New Hampshire Was Terrible for the Establishment
The New Hampshire primary was a bad night for the Republican Establishment. Not because Trump got twice as many votes as the runner-up; that was expected for months. Nor because Ted Cruz slightly outperformed expectations. It was a bad night for the establishment because establishment candidates did well.
I’ve made it clear before that I think Marco Rubio is the only candidate acceptable to the establishment who can beat Trump and beat Clinton. I say “acceptable to the establishment” for two reasons: first, Cruz does have a non-marginal chance of beating Trump for the nomination, and has a decent shot against Clinton – especially if there’s a recession before November. But he’s clearly unacceptable to the establishment. Second, Rubio is, or should be, acceptable to the establishment, but he’s not establishment. On everything except immigration, Rubio is a genuine, fully committed conservative. Sites that rank candidates based on their positions consistently rank Rubio and Cruz as the most conservative, and Kasich and Christie – who has now dropped out – as the most moderate. Nevertheless, the media continues to label Rubio as an establishment candidate, lumping him in with Jeb, Kasich, and Christie.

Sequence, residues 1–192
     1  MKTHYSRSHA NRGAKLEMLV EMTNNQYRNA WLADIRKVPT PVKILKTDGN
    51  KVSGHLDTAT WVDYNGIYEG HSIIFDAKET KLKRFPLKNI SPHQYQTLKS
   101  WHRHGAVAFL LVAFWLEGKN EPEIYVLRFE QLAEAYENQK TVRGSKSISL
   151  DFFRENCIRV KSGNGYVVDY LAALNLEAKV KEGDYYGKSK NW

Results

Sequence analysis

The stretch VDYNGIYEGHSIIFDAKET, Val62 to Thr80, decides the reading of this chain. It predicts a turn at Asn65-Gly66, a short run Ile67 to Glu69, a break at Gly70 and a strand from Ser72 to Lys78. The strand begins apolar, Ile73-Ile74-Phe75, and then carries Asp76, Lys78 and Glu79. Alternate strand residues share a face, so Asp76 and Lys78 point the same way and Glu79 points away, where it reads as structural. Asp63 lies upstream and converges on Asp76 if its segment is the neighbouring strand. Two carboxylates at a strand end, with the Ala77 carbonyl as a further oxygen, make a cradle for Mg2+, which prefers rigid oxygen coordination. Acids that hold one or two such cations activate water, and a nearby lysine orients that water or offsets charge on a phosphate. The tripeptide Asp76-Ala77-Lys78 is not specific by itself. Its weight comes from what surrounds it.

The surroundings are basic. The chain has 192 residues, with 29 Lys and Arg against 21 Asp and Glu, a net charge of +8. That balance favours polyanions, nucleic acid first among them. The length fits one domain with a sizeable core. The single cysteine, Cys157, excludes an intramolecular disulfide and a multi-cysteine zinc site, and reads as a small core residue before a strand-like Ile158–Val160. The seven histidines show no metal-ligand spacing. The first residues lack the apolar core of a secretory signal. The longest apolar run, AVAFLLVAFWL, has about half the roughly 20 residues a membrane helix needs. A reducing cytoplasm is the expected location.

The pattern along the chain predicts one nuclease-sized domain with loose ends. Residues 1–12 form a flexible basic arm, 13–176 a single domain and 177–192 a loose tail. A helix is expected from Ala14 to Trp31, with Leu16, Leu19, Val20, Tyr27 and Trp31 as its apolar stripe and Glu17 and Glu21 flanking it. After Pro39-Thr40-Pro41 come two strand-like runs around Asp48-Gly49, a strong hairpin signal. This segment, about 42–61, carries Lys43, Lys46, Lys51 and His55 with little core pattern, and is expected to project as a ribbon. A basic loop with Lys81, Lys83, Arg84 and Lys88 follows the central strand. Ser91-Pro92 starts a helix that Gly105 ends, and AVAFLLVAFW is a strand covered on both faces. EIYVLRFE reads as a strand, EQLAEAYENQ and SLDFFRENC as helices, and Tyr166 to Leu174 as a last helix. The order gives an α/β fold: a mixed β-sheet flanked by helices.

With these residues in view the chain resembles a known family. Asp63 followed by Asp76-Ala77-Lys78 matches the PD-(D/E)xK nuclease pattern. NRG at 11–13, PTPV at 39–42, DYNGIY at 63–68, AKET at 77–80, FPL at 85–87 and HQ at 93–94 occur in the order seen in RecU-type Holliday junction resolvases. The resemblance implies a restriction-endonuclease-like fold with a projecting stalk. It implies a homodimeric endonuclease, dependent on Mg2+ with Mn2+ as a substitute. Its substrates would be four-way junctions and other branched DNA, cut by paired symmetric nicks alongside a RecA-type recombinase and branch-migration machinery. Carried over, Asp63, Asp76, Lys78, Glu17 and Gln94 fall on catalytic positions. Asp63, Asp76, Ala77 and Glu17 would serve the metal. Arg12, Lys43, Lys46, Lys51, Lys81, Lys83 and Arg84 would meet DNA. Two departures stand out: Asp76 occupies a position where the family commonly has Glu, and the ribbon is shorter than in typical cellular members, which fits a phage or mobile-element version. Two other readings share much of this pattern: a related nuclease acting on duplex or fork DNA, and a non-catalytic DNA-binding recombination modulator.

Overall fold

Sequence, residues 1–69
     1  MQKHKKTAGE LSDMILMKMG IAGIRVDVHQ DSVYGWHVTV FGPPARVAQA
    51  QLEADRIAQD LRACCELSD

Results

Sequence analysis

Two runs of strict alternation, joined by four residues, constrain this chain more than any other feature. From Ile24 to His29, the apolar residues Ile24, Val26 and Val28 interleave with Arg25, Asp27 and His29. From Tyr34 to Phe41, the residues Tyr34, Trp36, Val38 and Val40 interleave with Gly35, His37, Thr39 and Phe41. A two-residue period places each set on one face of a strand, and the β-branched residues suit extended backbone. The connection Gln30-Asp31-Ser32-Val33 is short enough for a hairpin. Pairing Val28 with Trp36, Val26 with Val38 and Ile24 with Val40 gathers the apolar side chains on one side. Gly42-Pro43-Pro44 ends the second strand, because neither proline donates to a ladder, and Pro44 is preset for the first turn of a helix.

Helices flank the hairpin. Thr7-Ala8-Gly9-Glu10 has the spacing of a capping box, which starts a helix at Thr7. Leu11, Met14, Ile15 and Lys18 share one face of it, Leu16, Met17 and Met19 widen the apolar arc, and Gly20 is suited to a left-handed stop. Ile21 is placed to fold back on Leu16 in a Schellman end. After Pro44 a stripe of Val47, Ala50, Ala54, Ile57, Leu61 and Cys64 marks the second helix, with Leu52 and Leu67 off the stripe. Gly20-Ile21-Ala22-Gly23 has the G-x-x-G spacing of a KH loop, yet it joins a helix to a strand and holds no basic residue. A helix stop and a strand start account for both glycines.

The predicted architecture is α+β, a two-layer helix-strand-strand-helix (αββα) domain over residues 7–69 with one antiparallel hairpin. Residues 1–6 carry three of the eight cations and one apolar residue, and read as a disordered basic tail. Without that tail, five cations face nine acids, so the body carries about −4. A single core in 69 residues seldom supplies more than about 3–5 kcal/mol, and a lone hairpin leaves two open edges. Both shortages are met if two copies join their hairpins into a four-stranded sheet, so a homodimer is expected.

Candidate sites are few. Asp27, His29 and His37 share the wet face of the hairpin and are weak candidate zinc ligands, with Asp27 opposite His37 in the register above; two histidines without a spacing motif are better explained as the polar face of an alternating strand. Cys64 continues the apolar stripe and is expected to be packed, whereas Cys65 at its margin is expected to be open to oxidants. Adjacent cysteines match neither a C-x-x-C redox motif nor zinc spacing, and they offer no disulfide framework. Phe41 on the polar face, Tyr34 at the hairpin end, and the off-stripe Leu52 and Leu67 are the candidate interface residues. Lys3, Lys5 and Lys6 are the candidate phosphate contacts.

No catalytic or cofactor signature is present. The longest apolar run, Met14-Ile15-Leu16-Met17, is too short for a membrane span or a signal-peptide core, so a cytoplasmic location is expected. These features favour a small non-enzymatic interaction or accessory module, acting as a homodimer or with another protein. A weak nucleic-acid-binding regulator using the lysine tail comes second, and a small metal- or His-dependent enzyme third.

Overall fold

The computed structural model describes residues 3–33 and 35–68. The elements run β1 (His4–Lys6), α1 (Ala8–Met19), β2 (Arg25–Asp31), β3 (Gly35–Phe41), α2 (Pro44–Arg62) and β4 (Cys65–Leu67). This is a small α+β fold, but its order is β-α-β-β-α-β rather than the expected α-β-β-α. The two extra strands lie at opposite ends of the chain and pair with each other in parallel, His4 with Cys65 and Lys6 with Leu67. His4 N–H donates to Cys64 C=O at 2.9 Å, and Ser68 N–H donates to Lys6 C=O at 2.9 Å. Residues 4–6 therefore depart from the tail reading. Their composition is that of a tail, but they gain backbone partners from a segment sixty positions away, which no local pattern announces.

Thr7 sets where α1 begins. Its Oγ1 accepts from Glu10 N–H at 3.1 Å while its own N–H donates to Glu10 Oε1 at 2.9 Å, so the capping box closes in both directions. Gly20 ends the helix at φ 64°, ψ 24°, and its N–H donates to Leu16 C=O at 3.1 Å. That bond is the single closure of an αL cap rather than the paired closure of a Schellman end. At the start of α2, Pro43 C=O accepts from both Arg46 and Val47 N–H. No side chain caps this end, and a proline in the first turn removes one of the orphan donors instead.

The problem is, the actual establishment candidates did well; Kasich in particular, but Jeb also had a good night. This is bad for the establishment because it gives the donor class and establishment-aligned politicians incentive to continue financially support and roll out endorsements to candidates who are never going to win. There is some element of arrogance among the establishment class if they genuinely think they can make Jeb or Kasich the nominee.
The simple fact is if the establishment doesn’t want Trump or Cruz, they’re going to have to compromise and get behind Rubio. The base will never accept Jeb as the nominee. But they could, perhaps begrudgingly, accept Rubio.
If either Trump or Cruz eventually becomes the nominee, the mainstream media is going to view it as proof that the Republican Party is in disarray and needs to be dramatically reformed. The actual explanation would be more likely this: there were too many candidates who had egos too large to drop out in time for the party to coalesce around Rubio, “the conservative that can win,” and that the party leaders were too arrogant to realize that they couldn’t force another moderate like Romney or McCain.
Now it’s well within the realm of possibility for Rubio to place well in South Carolina and Nevada, while Jeb and Kasich have underwhelming or unremarkable performances. If that happens, Rubio is likely to be back on top and the endorsements and donations will pick back up. Nevertheless, the establishment is playing a dangerous game by continuing to back Jeb. The longer they do it, the more likely Republican Nominee Trump becomes.
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